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French printing firm ready to roll organic PV films

18 Oct 2016

Nantes-based Armor Group says that its light, flexible energy-generating films will be on sale shortly.

Armor Group, a company in France that specializes in roll-to-roll printing, says that it is poised to enter the nascent market for organic photovoltaic (OPV) films, after a claimed €40 million, six-year investment in technology development.

The Nantes-based firm, which has thus far concentrated on laser-printed labels, thermal transfer and inkjet cartridges, has been working alongside the likes of German chemicals company Merck, which has supplied photoactive polymers, and several leading French research institutes.

Ready to roll
Although it has not revealed important technical details such as the efficiency or likely cost of its “ASCA” OPV film, the company does say that it weighs just 500 grams per square meter, and that it has an annual manufacturing capacity of 1 million m2 readied to start on its roll-to-roll equipment in January 2017.

“The first ASCA films are ready to be released and their applications will be progressively unveiled during 2017,” it announced.

The development comes less than a month after another OPV developer, Germany-based Heliatek, revealed that it had secured an €80 million financing deal underpinned by the European Investment Bank that will enable it to scale up its annual production capacity to the same 1 million m2 level.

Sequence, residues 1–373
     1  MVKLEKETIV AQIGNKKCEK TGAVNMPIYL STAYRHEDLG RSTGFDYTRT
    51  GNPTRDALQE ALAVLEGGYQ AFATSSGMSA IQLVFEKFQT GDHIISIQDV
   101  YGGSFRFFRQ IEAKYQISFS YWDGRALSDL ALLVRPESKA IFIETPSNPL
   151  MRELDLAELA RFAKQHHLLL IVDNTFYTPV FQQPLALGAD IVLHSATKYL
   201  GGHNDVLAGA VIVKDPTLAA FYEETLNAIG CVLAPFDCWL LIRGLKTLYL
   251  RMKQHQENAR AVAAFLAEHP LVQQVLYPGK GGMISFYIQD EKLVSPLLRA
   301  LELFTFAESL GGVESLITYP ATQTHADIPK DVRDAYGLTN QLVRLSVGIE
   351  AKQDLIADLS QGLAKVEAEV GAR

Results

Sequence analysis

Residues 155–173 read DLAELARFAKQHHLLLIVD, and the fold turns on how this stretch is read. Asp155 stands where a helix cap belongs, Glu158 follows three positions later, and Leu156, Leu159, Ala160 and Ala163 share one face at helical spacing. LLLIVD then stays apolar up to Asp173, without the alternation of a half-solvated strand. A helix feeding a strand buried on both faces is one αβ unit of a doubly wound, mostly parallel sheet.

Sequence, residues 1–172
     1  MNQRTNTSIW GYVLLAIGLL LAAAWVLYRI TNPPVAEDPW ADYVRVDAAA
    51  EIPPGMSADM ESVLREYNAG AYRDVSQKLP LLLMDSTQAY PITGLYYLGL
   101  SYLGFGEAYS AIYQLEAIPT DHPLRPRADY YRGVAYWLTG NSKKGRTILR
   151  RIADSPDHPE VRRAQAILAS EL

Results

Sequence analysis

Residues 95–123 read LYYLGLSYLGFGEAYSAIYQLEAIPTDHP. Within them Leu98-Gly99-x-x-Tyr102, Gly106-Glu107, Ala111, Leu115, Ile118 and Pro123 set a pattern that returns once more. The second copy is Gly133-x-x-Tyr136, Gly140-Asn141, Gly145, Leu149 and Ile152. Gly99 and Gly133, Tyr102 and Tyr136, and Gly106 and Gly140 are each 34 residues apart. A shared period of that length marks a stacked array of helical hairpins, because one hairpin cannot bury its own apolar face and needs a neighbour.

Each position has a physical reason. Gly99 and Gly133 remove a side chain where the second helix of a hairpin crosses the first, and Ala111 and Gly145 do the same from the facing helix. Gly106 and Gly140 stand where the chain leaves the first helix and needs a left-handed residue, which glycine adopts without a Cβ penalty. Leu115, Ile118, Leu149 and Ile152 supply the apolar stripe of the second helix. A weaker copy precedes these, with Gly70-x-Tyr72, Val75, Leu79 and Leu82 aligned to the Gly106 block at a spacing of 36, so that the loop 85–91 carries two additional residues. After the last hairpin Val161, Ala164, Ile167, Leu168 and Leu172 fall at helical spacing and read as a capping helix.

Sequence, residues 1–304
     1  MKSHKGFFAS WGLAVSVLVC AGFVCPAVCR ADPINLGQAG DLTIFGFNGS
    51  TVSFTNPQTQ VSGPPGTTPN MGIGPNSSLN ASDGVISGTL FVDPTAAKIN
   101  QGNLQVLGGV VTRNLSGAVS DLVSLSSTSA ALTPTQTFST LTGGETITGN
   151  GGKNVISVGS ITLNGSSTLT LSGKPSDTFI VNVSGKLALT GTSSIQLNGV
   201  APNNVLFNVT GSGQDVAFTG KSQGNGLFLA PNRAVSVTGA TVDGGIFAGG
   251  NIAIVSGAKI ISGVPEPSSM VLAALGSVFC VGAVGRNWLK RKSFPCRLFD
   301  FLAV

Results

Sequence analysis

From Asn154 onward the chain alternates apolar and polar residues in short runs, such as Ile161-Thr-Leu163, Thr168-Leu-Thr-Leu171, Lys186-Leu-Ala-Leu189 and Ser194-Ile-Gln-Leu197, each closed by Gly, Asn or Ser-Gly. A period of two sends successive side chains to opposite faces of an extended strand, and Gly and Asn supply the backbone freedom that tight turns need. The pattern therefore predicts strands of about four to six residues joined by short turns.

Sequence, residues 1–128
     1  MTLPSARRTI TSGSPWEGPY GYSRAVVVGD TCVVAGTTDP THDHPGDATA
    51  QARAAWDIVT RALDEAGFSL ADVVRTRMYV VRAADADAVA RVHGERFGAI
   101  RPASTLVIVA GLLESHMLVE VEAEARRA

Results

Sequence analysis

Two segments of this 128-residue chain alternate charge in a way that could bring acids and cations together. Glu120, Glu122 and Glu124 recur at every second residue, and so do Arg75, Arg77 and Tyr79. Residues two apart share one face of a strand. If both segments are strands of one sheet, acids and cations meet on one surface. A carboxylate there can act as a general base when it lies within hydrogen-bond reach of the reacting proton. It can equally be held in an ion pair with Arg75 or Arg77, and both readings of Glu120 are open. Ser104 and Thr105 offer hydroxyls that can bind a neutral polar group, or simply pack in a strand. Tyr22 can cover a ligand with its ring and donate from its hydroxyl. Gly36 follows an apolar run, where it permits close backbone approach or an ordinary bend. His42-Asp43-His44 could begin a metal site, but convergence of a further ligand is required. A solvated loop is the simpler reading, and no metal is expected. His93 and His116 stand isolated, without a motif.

Where Armor may have an advantage is in its existing scale and experience with roll-to-roll printing: the company says that, overall, it already produces more than 1 billion m2 of thin-film material annually.

And according to financial documents, Armor’s sales revenues and profitability have also grown healthily in recent years, with turnover reaching €235 million in 2015. The company employs 2000 people overall, and has a strong presence in Asia and North America, alongside six locations in Europe.

Thermal transfer
In fact, Armor’s technological heritage goes back nearly a century. Initially focused on carbon paper, the Armor name was coined as long ago as 1925. In the 1980s it pioneered the development of thermal transfer technology, and in 1990 opened the La Chevrolière manufacturing facility where the ASCA films will be made.

2010 saw the start of the “OSCAR” (organic solar cells by Armor) research and development program on OPV, before a management takeover in 2014 resulted in Hubert de Boisredon taking charge of the company.

The R&D stage has involved a multidisciplinary team of 30 scientists and engineers, with contributions from teams at the Centre National de la Recherche Scientifique (CNRS), the CEA-run National Institute for Solar Energy in Saclay, and the Laboratoire de Chimie des Polymères Organique (LCPO) in Bordeaux.

Also involved are the French companies Amcor and Adhex, as well as US-based Cambrios Advanced Materials, which has supplied silver nanowires.

Armor says that it expects the ASCA films to find use in both static “street furniture” and mobile applications such as charging personal electronic devices. It has set up a “design office” dedicated to developing custom applications, and plans to unveil a variety of initial applications throughout next year.

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